I listened to an interesting talk with Lisa Damour, PhD. She is the author of two New York Times bestsellers about parenting teenagers (particularly girls): Untangled and Under Pressure. In the talk she reminded me of something really valuable that I’ve heard before but sometimes forget to apply to my life:
Stress is not necessarily bad!
For many people this is a startling concept to consider, especially when coming from a meditation teacher. For meditation to be effective, the body needs to be relaxed and in the restorative (parasympathetic, in terms of the automatic nervous system) state. In this age, it is common to hear proclamations that we must do what we can to always remain relaxed and peaceful, and any shift into an “activating” (sympathetic, relating to the automatic nervous system) state is harmful.
It is true that in modern times the vast majority of us are spending too much time needlessly in the fight-or-flight state of undue stress. If you think of life on the plains (a la The Lion King), a zebra grazes on some grass mindfully until it has become the potential prey of a lion or hyena, at which point it switches into activation mode where chemicals are released in its body to get the blood flowing quickly to the muscles so it can run fast and get out of harm’s way. That period is short-lived, and it either escapes danger or becomes lunch. If it has outrun danger, it fairly quickly goes back to grazing and its body withdraws back into the rest state. The zebra isn’t continuing to remain in that activated state after the stressful situation concludes, because it knows it is no longer in danger and that chemical process in the body was utilized and metabolized fully when it ran away from the threat. There is a book which probably describes this a lot better than I have called, Why Zebras Don’t Get Ulcers, by biologist Robert M. Sapolsky, so if you want to explore this more fully please check it out!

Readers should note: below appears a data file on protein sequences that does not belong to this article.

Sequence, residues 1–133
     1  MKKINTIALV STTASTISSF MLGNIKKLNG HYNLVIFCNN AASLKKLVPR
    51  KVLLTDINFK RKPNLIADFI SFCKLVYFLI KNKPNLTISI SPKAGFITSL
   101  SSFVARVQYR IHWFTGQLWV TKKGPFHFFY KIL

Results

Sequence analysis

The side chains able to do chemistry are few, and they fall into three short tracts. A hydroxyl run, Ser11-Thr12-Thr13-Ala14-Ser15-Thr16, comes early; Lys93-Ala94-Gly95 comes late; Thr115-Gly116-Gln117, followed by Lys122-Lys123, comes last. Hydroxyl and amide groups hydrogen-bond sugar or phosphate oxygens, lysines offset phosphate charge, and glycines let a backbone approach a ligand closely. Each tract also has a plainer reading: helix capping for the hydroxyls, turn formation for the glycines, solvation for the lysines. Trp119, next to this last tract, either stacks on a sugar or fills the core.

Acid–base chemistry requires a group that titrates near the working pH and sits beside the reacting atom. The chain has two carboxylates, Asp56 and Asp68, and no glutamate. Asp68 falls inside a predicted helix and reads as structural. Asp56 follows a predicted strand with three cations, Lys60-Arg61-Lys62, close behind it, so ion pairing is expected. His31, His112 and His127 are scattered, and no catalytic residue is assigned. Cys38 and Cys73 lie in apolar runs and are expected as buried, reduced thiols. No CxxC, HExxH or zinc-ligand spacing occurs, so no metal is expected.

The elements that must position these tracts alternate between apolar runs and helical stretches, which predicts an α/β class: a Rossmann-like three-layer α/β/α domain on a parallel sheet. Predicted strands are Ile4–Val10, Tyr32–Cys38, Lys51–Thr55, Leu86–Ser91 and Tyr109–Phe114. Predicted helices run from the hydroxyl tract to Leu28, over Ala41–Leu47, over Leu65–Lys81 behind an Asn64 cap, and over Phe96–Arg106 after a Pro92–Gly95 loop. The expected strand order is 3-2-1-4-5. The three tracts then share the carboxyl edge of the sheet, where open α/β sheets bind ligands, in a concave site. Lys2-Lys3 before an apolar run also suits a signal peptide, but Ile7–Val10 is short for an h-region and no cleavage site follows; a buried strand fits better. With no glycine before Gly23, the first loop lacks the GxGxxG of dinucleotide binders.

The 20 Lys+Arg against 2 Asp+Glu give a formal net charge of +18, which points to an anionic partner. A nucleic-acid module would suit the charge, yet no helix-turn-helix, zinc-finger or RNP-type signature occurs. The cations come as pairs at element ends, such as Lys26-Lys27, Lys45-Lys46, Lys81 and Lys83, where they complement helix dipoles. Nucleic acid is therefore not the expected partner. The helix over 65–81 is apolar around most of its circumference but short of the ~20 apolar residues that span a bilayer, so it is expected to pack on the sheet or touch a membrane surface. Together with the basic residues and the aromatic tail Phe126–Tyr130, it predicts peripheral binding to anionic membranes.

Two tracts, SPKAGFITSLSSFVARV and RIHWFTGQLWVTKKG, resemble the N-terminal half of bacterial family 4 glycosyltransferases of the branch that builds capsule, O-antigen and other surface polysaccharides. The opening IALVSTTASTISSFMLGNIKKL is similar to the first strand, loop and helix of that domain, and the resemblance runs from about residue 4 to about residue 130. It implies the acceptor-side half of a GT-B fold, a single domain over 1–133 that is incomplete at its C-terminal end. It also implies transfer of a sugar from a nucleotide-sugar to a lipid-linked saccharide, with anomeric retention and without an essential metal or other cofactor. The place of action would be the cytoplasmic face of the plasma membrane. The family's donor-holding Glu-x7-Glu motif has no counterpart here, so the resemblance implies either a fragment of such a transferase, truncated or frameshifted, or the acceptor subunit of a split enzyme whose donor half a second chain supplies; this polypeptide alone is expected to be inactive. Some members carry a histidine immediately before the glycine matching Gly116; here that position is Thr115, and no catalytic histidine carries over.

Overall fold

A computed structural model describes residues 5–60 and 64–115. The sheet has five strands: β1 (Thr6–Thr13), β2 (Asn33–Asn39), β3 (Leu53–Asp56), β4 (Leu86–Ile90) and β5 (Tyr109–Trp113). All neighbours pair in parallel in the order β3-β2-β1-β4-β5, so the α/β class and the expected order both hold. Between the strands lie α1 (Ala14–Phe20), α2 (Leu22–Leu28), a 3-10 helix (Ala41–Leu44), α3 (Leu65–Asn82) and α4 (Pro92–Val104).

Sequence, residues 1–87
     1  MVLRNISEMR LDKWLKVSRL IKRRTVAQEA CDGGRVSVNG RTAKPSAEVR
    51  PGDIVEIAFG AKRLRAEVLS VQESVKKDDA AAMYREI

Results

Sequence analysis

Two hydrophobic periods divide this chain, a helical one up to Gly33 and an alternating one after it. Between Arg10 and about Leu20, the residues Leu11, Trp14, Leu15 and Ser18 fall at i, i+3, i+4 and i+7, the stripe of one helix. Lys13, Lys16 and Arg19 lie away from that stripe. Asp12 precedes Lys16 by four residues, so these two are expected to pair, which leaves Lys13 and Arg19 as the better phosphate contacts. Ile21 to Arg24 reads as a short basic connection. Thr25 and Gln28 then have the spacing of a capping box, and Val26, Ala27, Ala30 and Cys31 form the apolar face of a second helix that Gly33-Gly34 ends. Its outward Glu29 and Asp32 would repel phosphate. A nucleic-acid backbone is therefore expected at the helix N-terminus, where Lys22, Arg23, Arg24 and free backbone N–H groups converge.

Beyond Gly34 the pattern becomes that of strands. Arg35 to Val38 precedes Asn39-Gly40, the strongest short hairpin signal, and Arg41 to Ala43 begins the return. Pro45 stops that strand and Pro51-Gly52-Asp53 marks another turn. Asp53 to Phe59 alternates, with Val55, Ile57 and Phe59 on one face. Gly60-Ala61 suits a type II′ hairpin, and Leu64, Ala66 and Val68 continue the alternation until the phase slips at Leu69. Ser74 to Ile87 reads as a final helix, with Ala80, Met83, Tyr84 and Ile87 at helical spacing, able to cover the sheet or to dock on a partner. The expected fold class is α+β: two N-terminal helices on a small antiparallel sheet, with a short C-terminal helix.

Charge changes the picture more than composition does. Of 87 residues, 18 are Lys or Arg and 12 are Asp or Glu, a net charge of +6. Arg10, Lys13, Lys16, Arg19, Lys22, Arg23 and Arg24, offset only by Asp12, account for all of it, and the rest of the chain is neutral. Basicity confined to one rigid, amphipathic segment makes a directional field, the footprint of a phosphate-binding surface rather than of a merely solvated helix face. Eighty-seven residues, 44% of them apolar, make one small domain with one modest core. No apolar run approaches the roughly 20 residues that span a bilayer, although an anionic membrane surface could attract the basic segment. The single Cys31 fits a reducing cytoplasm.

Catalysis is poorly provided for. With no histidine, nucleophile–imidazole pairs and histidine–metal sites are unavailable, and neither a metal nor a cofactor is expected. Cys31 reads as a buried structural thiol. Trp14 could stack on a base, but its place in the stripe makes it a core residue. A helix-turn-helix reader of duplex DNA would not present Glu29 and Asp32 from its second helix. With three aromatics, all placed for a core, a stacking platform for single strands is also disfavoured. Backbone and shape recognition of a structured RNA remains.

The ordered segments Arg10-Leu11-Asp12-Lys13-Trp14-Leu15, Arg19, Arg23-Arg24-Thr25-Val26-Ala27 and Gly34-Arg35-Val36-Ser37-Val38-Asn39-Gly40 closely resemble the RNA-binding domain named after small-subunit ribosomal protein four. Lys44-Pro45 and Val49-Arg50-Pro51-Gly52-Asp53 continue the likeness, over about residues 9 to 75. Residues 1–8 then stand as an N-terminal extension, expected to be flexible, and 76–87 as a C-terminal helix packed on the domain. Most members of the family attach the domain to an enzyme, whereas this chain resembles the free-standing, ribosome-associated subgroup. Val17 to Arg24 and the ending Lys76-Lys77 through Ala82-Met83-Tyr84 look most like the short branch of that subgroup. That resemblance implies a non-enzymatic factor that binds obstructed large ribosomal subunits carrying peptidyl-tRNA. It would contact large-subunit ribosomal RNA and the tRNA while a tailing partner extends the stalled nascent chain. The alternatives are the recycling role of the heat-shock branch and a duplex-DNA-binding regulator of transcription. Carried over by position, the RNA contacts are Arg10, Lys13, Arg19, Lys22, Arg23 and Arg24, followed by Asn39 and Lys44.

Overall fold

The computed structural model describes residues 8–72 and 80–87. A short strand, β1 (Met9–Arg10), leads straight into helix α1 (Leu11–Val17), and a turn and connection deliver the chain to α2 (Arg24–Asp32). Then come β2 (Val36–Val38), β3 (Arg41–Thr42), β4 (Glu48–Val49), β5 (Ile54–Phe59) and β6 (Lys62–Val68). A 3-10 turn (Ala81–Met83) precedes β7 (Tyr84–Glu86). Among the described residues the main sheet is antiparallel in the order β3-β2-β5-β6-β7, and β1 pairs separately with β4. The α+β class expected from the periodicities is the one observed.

Compared to that zebra scenario, many modern humans have their bodies in a state of constant stress from perceived threats. Our minds are constantly in motion, worrying, planning, regretting, and that is keeping our bodies in a heightened, activated state. When we aren’t coming out of that activated state it causes many physical and emotional problems which are countered when we are in a rest and restore state. This is why relaxation and stress reduction are advised so frequently now.
However, there is an interesting side effect of this emphasis on avoiding stress, which is that people are now adding an extra layer of stress when they feel stress: they are stressed about being stressed. Stress has been linked to everything from ulcers to hypertension to cancer to mental health issues, and everything in between. This link between illness and stress has become part of our social fabric, our conventional wisdom, and as such when people get stressed they now also are worried about what extra burden they are putting on themselves by way of the stress itself.
The point made by Lisa Damour which I found so powerful was that stress isn’t necessarily bad in and of itself. Yes, we don’t want to put ourselves in a state of constant stress, but sometimes life will give us stressful situations, and that is part of living. Everything we do will require a certain amount of stress, just in the act of “doing.” If we get carried away with avoiding stress we could very easily slide into laziness, where we aren’t making any use out of our lives. We may feel very relaxed lying on the couch all day every day watching TV, but we aren’t going to be very fulfilled or get much out of our time on this planet doing so. Spiritually speaking, we aren’t giving ourselves opportunities to grow in this lifetime with that approach. So, it can be really helpful to frame stress in a healthy way, by seeing it as necessary and beneficial to what you are guided to do with yourself.
This is one of the ways meditation can be SO helpful. By meditating every day (twice a day is even better!), you give yourself that chance to go inward and retreat into that restful state. You allow yourself to come back into balance and give the body a chance to self-soothe and restore itself, more fully that with sleep. So, when you begin engaging again with the world you are doing it from a calmer state, and you’re avoiding being chronically in the active, “sympathetic” state of the nervous system.
So, we could all do with less stress in our lives. There are many ways to deal with stress, including reevaluating what you are doing with your time and seeing if there are things that can be let go so you have more time for the things that really matter and you can avoid letting things get to a fever pitch. Also, try reframing how you view stress by not getting too stressed about the stress itself.
Joy to you!
I am an Ananda® certified meditation teacher. I am passionate about meditation and embrace a yogic lifestyle for greater wellness physically, spiritually, and emotionally.
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